Becoming An Electrician

There are few practical professions as solid and secure as that of an electrician. Electricity quite literally powers the world, and we don’t see that changing anytime soon so if you’re looking for a career that’s going to take you through to retirement, it’s a great option, particularly if you’re naturally good with your hands and have a lot of patience.

But before we get into the specifics of how to get started on your path to becoming a fully licensed electrician, let’s start with the basics.

What Does An Electrician Do? 

There is far more to an electrician’s job than just connecting wires (though of course, that is a part of it). For starters, there are lots of different types of electricians that specialize in different systems.

Maintenance electricians, for example, typically work on an industrial scale whereas some electricians specialize in commercial installations or maintaining streetlights. 

Whatever kind of electrician you are, however, you’ll need to be able to read and write wiring diagrams and blueprints, create detailed plans, be aware of and follow local municipal electrical codes and know how to test and repair equipment.

It’s a deep job and there are many facets to it. But if you feel like you might have what it takes, how do you go about earning your stripes as an electrician?

How To Become An Electrician

1. Graduate high school – While you don’t need a college degree to become an electrician you will need a high school diploma or the equivalent. Every day electricians must use math, English and physics to do their work so it’s vital to have a foundational understanding of these concepts.

2. Attend a trade school – While this isn’t 100% necessary, attending a trade school specializing in electrical technology or earning a career diploma as an electrician can really help you with a solid foundation for your career. Most states also allow students to substitute education for hours spent on the job when it comes to obtaining a journeyman license.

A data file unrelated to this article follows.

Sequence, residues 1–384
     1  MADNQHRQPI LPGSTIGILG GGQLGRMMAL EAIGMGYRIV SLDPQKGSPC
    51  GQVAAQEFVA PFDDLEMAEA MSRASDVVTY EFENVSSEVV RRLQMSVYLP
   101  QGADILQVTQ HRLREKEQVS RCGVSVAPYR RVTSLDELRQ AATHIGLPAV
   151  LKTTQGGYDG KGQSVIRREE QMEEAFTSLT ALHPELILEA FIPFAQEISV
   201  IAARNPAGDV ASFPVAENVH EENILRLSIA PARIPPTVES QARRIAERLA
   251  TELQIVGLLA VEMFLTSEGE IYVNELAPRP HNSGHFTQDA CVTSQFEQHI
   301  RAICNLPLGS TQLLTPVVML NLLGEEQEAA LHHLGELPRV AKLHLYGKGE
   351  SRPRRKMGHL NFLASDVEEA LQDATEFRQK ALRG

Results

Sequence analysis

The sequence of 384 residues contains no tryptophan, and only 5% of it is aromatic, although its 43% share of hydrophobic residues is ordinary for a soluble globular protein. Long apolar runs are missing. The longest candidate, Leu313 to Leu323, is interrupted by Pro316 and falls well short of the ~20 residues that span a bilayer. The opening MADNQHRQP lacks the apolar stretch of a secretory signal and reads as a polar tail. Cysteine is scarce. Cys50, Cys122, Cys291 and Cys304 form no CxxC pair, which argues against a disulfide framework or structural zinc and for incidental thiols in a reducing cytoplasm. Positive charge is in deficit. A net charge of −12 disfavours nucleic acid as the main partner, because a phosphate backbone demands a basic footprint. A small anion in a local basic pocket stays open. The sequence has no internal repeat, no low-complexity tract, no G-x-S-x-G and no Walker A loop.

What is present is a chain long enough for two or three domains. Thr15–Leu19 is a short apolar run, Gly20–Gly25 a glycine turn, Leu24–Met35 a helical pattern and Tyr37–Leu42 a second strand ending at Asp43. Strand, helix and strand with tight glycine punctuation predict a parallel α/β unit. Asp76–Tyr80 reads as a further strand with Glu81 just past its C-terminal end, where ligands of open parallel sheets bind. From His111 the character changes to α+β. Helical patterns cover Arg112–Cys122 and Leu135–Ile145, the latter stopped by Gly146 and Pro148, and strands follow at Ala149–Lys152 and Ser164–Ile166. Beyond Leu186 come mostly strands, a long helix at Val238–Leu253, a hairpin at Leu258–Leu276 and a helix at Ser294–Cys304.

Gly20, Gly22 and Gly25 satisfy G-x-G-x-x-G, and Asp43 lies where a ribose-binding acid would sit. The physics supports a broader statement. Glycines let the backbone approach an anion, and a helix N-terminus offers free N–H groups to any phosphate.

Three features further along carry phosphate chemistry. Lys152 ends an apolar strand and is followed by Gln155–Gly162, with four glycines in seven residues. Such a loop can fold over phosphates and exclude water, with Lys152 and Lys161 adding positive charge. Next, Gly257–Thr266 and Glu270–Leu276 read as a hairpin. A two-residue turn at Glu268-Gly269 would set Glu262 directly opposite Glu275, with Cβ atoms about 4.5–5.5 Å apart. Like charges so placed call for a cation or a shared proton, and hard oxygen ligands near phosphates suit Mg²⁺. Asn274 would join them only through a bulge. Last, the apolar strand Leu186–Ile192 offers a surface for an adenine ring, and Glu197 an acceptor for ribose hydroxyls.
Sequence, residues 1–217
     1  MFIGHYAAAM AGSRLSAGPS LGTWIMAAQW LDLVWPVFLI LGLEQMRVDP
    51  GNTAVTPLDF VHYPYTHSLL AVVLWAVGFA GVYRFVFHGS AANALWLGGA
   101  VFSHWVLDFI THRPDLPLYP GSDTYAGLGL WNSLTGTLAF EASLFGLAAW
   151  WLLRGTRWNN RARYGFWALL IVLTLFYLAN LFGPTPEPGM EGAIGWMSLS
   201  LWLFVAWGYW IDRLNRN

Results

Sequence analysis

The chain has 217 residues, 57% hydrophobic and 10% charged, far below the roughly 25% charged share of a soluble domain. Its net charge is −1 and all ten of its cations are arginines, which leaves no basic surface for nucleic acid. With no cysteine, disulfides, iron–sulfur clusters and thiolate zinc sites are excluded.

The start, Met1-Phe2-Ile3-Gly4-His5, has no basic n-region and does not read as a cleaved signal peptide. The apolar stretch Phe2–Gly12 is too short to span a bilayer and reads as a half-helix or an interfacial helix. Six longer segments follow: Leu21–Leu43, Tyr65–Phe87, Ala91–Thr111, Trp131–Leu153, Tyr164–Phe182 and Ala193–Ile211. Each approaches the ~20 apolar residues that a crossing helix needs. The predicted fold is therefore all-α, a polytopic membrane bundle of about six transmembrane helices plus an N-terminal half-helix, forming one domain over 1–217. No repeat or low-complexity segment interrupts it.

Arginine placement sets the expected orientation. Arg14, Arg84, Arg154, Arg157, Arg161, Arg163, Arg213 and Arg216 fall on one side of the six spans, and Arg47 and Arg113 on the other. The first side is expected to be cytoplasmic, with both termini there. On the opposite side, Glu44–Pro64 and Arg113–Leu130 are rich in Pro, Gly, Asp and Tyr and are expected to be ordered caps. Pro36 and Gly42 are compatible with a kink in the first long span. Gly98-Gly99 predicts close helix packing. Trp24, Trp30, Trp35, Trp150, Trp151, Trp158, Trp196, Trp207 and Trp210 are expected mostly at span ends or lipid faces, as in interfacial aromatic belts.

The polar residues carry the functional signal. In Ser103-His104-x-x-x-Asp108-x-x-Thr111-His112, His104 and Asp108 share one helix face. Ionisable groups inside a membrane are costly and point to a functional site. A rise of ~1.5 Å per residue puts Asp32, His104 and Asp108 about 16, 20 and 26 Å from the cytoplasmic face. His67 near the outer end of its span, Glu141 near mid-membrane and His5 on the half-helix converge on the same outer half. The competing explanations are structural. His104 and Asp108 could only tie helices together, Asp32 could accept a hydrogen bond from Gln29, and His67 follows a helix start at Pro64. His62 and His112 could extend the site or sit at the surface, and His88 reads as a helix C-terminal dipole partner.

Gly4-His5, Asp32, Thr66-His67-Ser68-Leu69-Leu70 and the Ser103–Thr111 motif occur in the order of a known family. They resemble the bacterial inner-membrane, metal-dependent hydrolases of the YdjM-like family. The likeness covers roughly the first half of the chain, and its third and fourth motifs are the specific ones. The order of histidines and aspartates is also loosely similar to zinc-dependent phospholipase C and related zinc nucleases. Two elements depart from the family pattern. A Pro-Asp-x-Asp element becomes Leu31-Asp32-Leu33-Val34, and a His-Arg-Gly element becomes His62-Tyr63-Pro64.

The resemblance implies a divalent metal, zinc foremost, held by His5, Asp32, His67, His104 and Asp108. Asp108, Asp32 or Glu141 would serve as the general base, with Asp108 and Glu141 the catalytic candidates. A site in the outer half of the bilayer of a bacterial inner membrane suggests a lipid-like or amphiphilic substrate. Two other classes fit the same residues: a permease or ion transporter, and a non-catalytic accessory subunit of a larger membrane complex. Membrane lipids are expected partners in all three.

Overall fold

3. Apply for an apprenticeship – You must complete an apprenticeship to become a licensed electrician whether you attended a trade school or not. You can find apprenticeships either through the trade school or through your local apprenticeship union. There are non-union routes, but we’d always recommend going with the union, if possible.

4. Get licensed – Once you’ve completed your apprenticeship of around 10,000 hours you can apply for your certificate to become a fully licensed electrician. This typically takes around 5 years, and the requirements vary depending on your state or city of residence so do your research.

Gather Your Tools And Equipment

Before setting up shop you need to ensure you have all the necessary tools. Everything from power cords to wire strippers and everything in between. Having a fully stocked toolbox is what will set you apart from other electricians so don’t skimp on it.

Go the extra mile and get that head torch for getting into dark crawl spaces and that electrical wall chaser for cutting narrow holes into walls that can be easily caulked over. And ensure that all your tools are insulated, for obvious reasons!